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Review: 2018 Toyota Yaris Se

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Here’s something I bet you didn’t know:

According to Toyota, the Yaris is named after Greek mythology. Within Greek mythology ‘Charis’ is known as a symbol of beauty and elegance. ‘Ya’ is German for ‘yes’ and it apparently refers to how Toyota perceived the European market’s reaction to the styling. Put them together and, ta daa! You have Yaris.

Why do you need to know this? Well firstly, as Mortal Kombat has always taught us, there is no knowledge that is not power.

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Secondly, the recently refreshed Yaris didn’t garner too many ‘yeses’ from anyone who saw it, sat in it, or was driven in it. Despite its cosmetic updates for 2018, most people reacted with yawns or not even at all. This must be frustrating for Toyota because, not only does the new Yaris barely elicit any reaction to it as its name suggests it should, but they’ve actually gone out of their way to add dramatic styling cues to their smallest model. I can think of no other vehicle in the segment with such an aggressive front fascia which now features a more prominent open-mouthed grille, a more pointed nose, and unique-looking LED daytime running lights (available on the top trim only). Decent looking 16-inch alloy wheels help to complete the look, while the reworked tail lights span further along the hatch. Honestly, to my eye, it’s not too bad looking, though it does sort of come off as trying a bit too hard.

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I appreciate Toyota designing a unique interior exclusive to the Yaris. All too often, manufactures make interior designs that all look the same (I’m looking at you, Volkswagen), but Toyota has chosen to give the little Yaris some character of its own with a unique steering wheel and dash set up. Being the top trim, there were a few goodies here and there but having driven the latest effort from Hyundai in the form of the new Accent the week prior, it’s clear that Toyota has some catching up to do when it comes to standard equipment, even on the top trim.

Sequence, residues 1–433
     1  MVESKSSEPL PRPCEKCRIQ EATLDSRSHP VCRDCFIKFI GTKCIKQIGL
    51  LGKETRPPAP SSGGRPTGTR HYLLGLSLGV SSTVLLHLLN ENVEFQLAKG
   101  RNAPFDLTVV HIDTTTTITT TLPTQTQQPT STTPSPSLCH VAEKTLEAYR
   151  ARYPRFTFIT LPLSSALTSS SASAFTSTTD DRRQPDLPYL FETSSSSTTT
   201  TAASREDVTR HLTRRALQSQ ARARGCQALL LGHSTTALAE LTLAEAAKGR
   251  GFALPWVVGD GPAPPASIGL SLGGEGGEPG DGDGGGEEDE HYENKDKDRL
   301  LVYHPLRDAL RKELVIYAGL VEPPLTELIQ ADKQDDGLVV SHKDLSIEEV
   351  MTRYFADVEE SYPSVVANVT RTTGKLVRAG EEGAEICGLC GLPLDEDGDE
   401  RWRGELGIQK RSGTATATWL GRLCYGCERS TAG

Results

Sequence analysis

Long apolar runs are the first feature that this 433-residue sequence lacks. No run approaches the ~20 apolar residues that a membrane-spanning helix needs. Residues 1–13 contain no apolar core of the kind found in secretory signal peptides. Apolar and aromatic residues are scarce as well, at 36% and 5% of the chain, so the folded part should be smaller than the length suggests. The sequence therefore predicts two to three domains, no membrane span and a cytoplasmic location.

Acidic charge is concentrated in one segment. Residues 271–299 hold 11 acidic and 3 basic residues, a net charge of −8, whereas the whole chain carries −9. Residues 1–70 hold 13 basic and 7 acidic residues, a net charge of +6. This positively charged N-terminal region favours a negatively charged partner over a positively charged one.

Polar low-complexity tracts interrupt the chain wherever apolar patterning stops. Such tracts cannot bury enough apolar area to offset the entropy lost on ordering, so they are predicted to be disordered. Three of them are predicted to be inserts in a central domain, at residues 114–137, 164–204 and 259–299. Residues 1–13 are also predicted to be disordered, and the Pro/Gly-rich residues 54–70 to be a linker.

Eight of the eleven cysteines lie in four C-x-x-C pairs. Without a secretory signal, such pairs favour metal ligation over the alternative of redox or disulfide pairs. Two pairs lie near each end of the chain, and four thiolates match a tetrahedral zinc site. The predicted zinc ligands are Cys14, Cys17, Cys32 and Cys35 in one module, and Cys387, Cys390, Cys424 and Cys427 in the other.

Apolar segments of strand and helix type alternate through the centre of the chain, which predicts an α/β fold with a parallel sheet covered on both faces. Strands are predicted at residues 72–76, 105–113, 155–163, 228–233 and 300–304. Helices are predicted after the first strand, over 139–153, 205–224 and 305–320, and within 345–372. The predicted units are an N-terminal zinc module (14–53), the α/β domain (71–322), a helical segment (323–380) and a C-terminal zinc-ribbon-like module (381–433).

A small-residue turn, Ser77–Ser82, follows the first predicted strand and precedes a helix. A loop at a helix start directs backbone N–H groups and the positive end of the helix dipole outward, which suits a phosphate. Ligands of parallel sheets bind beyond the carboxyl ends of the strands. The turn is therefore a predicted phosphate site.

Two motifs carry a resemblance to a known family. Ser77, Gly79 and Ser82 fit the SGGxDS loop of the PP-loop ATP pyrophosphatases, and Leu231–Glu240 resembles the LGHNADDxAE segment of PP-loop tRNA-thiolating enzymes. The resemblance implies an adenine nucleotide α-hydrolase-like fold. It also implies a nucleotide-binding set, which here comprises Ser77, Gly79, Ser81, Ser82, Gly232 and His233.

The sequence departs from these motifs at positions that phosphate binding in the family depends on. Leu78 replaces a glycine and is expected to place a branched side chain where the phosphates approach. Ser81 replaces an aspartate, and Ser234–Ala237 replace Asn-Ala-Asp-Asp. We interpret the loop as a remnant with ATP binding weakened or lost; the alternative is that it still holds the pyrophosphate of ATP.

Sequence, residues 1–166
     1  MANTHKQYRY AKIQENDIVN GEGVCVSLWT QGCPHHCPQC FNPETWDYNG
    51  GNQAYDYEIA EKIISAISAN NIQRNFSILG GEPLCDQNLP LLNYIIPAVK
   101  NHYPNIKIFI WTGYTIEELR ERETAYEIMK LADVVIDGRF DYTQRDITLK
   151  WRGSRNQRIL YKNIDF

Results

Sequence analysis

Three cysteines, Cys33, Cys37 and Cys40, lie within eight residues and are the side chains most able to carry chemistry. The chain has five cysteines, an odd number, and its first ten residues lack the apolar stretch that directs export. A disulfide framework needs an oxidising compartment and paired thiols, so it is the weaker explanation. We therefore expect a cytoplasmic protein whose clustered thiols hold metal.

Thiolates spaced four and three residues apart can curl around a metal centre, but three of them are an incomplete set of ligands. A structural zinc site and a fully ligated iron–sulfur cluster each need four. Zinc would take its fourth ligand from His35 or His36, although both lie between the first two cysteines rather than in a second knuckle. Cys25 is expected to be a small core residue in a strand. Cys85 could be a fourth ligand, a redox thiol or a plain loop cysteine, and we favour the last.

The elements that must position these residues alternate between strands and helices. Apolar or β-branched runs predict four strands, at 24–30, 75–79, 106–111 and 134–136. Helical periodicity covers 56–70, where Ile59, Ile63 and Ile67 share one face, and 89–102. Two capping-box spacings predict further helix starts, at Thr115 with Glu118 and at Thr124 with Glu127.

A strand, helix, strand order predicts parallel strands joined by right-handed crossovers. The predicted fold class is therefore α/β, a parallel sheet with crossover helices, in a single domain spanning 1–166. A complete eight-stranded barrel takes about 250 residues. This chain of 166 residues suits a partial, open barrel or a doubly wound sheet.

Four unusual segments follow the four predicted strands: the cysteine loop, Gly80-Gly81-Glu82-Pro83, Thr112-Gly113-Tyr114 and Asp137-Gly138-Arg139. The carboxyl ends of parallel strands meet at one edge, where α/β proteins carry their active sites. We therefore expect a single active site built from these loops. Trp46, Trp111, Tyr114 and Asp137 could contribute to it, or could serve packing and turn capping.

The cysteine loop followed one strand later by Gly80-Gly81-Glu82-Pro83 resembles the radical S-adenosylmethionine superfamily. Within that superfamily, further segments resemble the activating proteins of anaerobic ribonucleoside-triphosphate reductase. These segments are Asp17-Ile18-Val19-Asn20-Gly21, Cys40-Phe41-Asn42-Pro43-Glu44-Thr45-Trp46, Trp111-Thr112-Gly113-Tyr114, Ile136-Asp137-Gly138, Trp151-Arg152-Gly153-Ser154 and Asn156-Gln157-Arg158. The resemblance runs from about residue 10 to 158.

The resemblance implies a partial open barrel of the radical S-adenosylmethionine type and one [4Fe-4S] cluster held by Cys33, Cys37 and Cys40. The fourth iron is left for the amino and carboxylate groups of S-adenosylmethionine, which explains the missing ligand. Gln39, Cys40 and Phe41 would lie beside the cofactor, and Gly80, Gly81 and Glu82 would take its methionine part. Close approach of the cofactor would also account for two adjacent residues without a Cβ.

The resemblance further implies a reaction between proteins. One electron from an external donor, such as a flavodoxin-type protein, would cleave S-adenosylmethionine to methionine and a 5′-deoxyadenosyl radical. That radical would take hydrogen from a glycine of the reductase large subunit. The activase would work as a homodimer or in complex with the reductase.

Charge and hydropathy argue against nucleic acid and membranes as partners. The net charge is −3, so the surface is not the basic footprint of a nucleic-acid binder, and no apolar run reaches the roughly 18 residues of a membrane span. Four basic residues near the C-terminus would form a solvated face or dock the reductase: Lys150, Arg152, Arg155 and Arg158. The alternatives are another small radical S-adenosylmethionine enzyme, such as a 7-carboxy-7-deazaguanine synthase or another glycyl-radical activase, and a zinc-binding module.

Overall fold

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So what does the top trim get you? Well notable features are the aforementioned LED daytime running lights, projector-style halogen headlights, 16-inch wheels and sport bucket sets which are heated. Though it must be said that the button for the heated seats is difficult to access due to the placement of the hand-brake, and the design of the button is unconventional leaving you wondering if you’ve turned on the driver’s side or the passenger side seats. Toyota’s safety sense features are also on board, which is great to have in this segment.

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And speaking of the seats, it’s been a long time since I’ve found it so difficult to get an optimal seating position in a press car. This isn’t entirely due to the seats, which don’t offer a heck of a lot of adjustability anyway, but the steering wheel is largely to blame. It tilts, but just barely, and it does not telescope. This made the Yaris feel awkward every single time I drove it and the hour-long drive to my fiancée’s farm was frustrating and borderline unbearable on my legs and knees as a result. Thankfully a feature that you do get on the top trim is cruise control though it doesn’t confirm the specific speed you’ve set it at, you just need to go by what the speedometer is conveying. On most cars you set the cruise specifically to 113 km/h, for example, and can change it to speed up or slow down incrementally with accuracy. With the Yaris you have to guess when increasing or decreasing which speed you’re setting the cruise control at. There is a trip computer but it looks and operates as if it’s come from a late 90’s model vehicle.

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The Yaris is the smallest vehicle in the segment and among the narrowest. Believe it or not, there’s a slight advantage to this, aside from being easy to park, and it’s in the form of the wiper blade. There’s only one and it does an impressive job of clearing most of the windshield’s surface. It also means you’ll only need to buy one, not two, when it comes time to replace it.